The King County Auditor’s Office found many agencies were not fully prepared to keep operations going in an emergency, according to a report released on Jan. 13.
Across county agencies, Continuity Of Operations Plans (COOP Plans) were inconsistent in “quality” and “completeness,” making it hard to keep things running smoothly during emergencies, the report stated.
“King County’s geography puts it at risk for several types of major disasters such as earthquakes or volcanic eruptions,” said King County Auditor Kymber Waltmunson. “These emergencies would prompt massive changes to county operations to ensure that we are able to fulfill our obligations and respond to the crisis.”
The 2022 Emergency Preparedness audit reviewed continuity plans for all county departments and independent agencies and reviewed some challenges they previously identified in a 2016 audit. The latest audit found that several important issues had not been addressed by the county in the intervening five years.
The key takeaways from the audit include:
– Continuity of Operations Plans across county agencies were of inconsistent quality and completeness, which may present barriers to delivering services to the community in the event of emergencies.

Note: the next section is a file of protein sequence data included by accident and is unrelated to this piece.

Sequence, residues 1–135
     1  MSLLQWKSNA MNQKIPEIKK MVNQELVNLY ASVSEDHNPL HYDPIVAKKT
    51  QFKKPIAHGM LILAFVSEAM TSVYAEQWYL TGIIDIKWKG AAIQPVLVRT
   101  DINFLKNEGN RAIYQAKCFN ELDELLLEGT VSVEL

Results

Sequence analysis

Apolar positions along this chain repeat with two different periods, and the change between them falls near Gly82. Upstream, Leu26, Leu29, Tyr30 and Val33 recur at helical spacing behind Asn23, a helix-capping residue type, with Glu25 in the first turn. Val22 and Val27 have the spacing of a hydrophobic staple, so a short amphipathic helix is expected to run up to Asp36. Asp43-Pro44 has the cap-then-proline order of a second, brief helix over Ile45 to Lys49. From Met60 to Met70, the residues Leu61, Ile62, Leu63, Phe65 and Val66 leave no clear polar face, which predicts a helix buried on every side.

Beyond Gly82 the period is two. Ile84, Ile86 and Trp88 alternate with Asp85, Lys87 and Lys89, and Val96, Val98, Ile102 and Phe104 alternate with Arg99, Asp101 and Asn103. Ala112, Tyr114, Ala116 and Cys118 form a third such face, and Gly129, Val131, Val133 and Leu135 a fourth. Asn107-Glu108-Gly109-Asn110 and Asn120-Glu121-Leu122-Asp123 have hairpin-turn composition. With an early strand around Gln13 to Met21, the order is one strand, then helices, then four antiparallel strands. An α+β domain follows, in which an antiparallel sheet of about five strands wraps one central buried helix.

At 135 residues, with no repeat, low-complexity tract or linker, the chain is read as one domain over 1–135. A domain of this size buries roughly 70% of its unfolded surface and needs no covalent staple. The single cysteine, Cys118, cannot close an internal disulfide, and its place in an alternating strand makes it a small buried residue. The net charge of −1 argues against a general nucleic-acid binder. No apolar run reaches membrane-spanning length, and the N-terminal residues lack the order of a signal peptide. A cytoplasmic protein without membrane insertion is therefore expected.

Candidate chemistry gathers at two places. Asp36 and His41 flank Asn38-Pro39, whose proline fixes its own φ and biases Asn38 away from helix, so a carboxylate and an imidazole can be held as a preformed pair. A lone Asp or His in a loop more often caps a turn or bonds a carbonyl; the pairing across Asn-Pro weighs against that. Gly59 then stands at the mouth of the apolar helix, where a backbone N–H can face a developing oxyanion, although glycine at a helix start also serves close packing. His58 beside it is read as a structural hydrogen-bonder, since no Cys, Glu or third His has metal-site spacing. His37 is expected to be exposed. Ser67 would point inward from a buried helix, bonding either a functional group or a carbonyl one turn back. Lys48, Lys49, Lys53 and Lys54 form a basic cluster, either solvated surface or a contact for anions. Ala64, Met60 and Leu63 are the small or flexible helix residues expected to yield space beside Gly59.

– Although some agencies have strong planning practices, out-of-date continuity plans and incomplete training efforts could leave many agencies unprepared to continue services during an emergency.
– Not all agencies address how to communicate with staff prior to and during emergencies in their COOP Plans, increasing the risk that staff will not be aware of key information or responsibilities during an emergency.
– Agencies need to address the needs of personnel with disabilities in their COOP Plans.
“Many of the issues found in this audit are driven by a lack of assigned responsibilities for coordinating and implementing continuity plan practices, as we originally found in 2016,” the King County Auditor’s Office said in a written statement.
The King County Auditor’s Office recommended changes to processes at the Office of Emergency Management and updates to King County Code that clarify continuity plan requirements and a system for regular review of agency plans.
The audit also pointed out the King County Executive structure, in which the Office of Emergency Management does not report directly to the executive as they do in other county executive structures in comparable counties.
“Despite the shortcomings found in the report, the Auditor’s Office also reported that many agencies had done a great deal of work to update emergency plans throughout the course of the pandemic,” The auditor’s office wrote in a statement. “Many agencies excelled in specific areas of continuity plans, and Public Health has continued to innovate its engagement with communities to address health inequities amid a pandemic that has brought heavy workloads, staffing limitations and other challenges.”